Doctors: Stay active for better joint health, less risk of injury

By: ToLewis, Granite Bay View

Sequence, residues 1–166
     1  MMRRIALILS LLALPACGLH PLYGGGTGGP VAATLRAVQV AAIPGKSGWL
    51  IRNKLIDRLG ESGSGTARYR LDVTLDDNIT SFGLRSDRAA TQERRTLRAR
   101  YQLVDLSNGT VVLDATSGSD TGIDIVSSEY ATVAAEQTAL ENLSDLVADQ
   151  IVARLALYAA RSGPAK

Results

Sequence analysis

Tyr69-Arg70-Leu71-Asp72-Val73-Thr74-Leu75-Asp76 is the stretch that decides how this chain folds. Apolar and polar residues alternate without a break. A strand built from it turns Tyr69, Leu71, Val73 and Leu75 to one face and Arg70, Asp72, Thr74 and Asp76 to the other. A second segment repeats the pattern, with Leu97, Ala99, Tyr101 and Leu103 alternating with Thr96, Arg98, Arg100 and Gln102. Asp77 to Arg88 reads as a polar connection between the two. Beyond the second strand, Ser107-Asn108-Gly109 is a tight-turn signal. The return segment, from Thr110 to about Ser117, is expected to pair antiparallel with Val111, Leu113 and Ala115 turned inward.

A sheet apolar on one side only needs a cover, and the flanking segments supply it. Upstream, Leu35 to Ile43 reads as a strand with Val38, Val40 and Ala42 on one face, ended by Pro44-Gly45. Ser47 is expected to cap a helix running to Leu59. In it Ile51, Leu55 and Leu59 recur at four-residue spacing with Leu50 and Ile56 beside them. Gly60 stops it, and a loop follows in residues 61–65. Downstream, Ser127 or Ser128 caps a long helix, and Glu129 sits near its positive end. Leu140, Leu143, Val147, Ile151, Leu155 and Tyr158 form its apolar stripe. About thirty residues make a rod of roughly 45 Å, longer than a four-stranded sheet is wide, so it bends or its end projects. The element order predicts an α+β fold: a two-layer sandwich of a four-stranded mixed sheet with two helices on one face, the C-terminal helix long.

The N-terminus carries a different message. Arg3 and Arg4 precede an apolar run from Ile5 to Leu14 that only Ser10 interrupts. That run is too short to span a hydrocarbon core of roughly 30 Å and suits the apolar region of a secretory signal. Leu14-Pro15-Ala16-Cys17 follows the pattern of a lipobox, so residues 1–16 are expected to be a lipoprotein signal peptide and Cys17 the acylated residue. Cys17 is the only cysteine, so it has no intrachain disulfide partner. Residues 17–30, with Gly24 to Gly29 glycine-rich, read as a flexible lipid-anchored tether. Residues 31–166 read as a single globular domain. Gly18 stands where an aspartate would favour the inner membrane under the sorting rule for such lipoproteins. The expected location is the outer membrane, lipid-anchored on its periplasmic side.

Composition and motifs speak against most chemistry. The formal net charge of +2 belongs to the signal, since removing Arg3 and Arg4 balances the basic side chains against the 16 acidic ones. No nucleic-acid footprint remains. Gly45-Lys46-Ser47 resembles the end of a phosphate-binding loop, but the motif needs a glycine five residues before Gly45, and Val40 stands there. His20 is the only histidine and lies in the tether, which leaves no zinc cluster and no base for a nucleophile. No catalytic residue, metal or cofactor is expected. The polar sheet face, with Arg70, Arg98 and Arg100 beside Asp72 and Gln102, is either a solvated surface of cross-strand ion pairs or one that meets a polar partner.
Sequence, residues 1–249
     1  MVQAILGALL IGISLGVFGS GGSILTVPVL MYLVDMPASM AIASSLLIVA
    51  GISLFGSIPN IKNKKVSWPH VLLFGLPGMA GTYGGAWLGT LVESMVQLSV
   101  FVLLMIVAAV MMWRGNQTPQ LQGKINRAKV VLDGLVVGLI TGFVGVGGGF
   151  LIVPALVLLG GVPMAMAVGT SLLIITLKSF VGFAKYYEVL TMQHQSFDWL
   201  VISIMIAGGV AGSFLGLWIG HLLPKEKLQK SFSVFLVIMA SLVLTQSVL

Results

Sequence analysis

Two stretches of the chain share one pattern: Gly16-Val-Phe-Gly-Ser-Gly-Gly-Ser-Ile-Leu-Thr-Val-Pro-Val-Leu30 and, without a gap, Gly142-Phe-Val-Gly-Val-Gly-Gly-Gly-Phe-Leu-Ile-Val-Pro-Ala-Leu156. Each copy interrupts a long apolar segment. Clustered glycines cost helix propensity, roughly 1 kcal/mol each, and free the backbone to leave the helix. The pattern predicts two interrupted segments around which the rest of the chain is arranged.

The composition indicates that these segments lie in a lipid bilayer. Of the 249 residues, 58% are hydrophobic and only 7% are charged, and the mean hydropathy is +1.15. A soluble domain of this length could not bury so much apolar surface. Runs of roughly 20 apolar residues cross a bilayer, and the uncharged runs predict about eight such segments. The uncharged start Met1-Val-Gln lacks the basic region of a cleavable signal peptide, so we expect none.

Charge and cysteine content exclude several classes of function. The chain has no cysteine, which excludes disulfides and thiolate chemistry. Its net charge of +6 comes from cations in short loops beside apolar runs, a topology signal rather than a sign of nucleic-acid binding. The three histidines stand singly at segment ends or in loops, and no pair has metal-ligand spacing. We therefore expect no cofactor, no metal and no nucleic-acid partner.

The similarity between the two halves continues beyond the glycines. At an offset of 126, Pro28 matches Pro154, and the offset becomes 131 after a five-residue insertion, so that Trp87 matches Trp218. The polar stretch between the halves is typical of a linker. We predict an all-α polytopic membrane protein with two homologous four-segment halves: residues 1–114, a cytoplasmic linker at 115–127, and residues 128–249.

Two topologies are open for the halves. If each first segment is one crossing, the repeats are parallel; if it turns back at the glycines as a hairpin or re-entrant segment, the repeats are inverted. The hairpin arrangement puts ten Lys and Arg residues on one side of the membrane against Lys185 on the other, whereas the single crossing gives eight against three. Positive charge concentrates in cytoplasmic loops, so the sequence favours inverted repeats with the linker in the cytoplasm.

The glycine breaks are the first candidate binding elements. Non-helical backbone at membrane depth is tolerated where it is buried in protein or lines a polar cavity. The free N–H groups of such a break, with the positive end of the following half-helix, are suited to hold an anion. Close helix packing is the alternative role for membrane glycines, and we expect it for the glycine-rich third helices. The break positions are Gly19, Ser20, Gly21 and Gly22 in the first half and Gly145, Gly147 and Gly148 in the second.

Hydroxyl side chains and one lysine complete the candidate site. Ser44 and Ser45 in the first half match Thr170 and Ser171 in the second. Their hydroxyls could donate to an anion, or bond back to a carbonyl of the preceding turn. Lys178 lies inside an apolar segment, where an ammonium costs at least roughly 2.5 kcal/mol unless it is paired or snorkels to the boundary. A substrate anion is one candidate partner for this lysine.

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Since people are living longer and generally staying more active into their later years of life, orthopedic doctors say sports-related injuries are all too common. Granite Bay resident David Gotham is an orthopedic surgeon practicing in Rocklin and specializes in everything from pediatrics to sports medicine to trauma. “The bar has been raised for the standard recreational athlete,” Gotham said. “Certainly the competitive level for kids has also been raised. So with that, unfortunately comes overuse injuries.” Gotham said that when it comes to young athletes, females are especially prone to higher incidences of ACL injuries and overuse because of their knee anatomy. According to, an Anterior Cruciate Ligament, or ACL, injury is a tear in one of the knee ligaments that joins the upper leg bone with the lower leg bone. The ACL keeps the knee stable. While many sports injures are found most commonly in teenagers and young adults, Gotham said adults are certainly not immune. He said the most common injuries for adults are found with the “weekend warrior” type athlete, that is, someone who excersises once in a while, usually only on weekends. This includes young adults in their 30s, 40s, middle aged adults as well as the older population, Gotham said. He said that nowadays, it is not uncommon to have older people performing at a higher level, despite their age, since people are living longer and staying more active. “That’s nice to see, certainly, and it’s good for the joints,” Gotham said. “Unfortunately it comes with a price to pay, though.” Thomas Gallagher, 46, is a baseball coach at Granite Bay High School and says he is generally able to avoid sports injuries by keeping himself in good shape. A torn meniscus and a couple other ligaments that he said he can’t pronounce prompted knee surgery four months ago, but Gallagher says he has otherwise remained injury-free throughout his life. “In the past, I’ve had shoulder surgeries and stuff like that,” he said. “Other than that, and the knee injury, that’s pretty much it.” Gallagher said he has been able to keep injuries at bay by focusing on living a good lifestyle, having a good diet, exercising regularly, lifting weights, practicing martial arts and flexibility. “I try to incorporate as much as I can and stay as active as possible,” he said. “I think that is the key to preventing injuries.” Gotham said remaining active has many positive benefits. He said for active people, joints and muscles are primed for future workouts, making them less susceptible to injury. He said overuse injuries are more common in growing, younger adolescents than in adults. Gotham recommends keeping strong quadriceps and hamstring muscles in the legs around the knee, and rotator cuff and deltoid muscles around the shoulder. “Those muscles contract from a potential injury,” Gotham said. “I think it’s just physical conditioning that keeps those joints less likely to end up with an injury.” With the ski season right around the corner, Gotham said he expects to see an increase of ankle injuries, wrist fractures and ACL injuries. “I would definitely advise that if you are new to a sport, just take it slowly,” he said. “It’s definitely a progressive thing. Listen to your body.” Toby Lewis can be reached at Follow him on Twitter @TobyLewis_RsvPT.